Romita: Mark sent me a description and a photograph of this guy, and I based it on that. He's got a long ponytail in the back and a long beard in the front and some tattoos that I redid. So it's totally based on that acquaintance of Mark's.
As you guys have said, Hit-Girl has been such a breakout character for the series, and there's a lot of world-building going on, but the book is still Dave's story, overall. How do you keep Kick-Ass as the focus as the lead character in this series, and what paces did you try to put him through compared to volume one?
Millar: Well, it's interesting because I've always used "Star Wars" as the template for "Kick-Ass." Since Matthew [Vaughn] and I were both big "Star Wars" geeks, we talked in terms of that the whole time as we first started talking about the movie. Structurally, if you look closely, it really follows it closely, where Luke and Dave are the heroes on a journey through three chapters. It's the same story of the guy who's kind of lame starting out, who's miles away from the action, but has a passion for adventure. So he goes out and meets all sorts of interesting characters as he goes along and gets better. There's even a kind of Han and Chewie pair of characters in the sense that you get Big Daddy and Hit-Girl. I've always stressed that we shouldn't use them too much, because the reason we liked Han and Chewie so much is that they don't become the stars of the whole story. Hit-Girl could very easily take over the entire project, and if anything, I've wound the Hit-Girl stuff in "Kick-Ass 2" down. There was a real feeling of her taking over everything. That's the idea behind the "Hit-Girl" series -- allowing me to get all my Hit-Girl and Red Mist ideas out there while Dave's off in "Kick-Ass 2." I wanted to show the first ever super-crime, and this happens in "Hit-Girl." Red Mist commits the world's first super-crime, and it feels quite special because its a cultural event in many ways. The world's first guy in costume doing something bad. I also wanted to show the stuff I didn't have room for in "Kick-Ass 2" like Red Mist going around the world and trying to train like Bruce Wayne, but having absolutely no staying power and just quickly giving up, sight-seeing instead.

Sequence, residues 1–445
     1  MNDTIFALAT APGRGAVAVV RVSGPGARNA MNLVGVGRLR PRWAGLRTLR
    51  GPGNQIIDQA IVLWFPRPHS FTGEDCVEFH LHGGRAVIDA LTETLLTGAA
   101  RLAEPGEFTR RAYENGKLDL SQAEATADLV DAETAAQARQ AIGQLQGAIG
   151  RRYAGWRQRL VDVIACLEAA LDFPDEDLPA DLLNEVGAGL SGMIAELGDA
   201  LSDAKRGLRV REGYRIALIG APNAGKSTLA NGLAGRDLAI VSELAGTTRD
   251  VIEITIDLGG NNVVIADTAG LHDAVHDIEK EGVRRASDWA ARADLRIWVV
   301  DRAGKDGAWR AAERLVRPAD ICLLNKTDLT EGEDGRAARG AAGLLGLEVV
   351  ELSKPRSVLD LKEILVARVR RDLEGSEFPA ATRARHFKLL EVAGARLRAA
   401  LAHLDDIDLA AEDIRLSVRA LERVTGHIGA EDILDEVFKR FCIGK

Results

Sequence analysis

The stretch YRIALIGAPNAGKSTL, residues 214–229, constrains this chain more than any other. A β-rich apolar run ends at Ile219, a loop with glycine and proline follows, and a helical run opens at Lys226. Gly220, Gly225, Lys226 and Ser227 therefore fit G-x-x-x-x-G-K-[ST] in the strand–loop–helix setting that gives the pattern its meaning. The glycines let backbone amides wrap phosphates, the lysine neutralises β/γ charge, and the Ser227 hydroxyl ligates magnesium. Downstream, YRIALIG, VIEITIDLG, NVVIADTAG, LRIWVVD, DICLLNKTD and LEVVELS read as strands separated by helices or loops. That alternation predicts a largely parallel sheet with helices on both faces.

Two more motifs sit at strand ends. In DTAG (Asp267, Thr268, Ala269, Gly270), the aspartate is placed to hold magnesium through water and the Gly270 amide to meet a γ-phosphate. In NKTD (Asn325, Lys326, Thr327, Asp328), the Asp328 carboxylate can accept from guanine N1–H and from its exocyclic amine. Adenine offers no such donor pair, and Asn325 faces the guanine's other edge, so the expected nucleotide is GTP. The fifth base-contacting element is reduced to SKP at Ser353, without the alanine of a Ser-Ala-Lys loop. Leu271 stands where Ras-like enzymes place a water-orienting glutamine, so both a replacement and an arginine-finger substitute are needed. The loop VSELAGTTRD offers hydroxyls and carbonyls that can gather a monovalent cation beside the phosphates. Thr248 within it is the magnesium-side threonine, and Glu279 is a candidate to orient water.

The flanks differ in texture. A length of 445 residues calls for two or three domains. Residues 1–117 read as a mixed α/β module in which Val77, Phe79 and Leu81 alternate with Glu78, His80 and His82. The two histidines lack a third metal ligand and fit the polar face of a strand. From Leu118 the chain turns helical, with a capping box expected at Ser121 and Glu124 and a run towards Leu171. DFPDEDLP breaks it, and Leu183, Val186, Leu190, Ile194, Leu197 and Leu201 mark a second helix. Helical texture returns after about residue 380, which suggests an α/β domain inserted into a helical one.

Romita: Every time the reader thinks that [we're going to beat him to a pulp], we'll throw you a curve ball. If Mark doesn't, then I will. And every time you get lulled into a false sense of security that he's going to become a real superhero, he'll do something wrong or he'll get knocked around. Or he'll be a witness to something that completely shocks him. That's a testament to Marks writing -- never letting the reader expect something and then get it. I have to follow through with that and do something out of the ordinary. Like I said, what we have here is that we're appealing to the comic book reader that wants to put a costume on, but we're doing it in the real world. In a comic book world, a lot of things play out the way the readers want it to: a guy will come back from the dead to win a fight or something superheroic. There's nothing like that in "Kick-Ass." Just when you think it's what you're expecting, it's not going to be that way. While we're appealing to the superheroes in all our readers, we're not going to give that to them. That's Mark's strength. And when I read his plots, I expect "This guy's going to do something here," and then nothing happens, or I go, "He's waiting a while" and then something huge happens. We have to follow that line.
Millar: I think the way I keep Dave the star is to have him in almost every scene. He's the piece that pulls this all together. The thing has always been a trilogy, where book three will be like "Return of the Jedi," where Dave is pretty good and getting pretty handy with his fists. He's not at Batman-level good, but he's maybe one of those shitty mid-level guys you see. It's like Nighthawk from the Defenders. Someone who could maybe fight one or two guys, but when their third friend shows up, he ends up in hospital. [Laughter]
Did you ever suspect that this would get so big, with a universe of characters, when you started with the story of one nerd trying to be a superhero? What's your main goal overall with the franchise?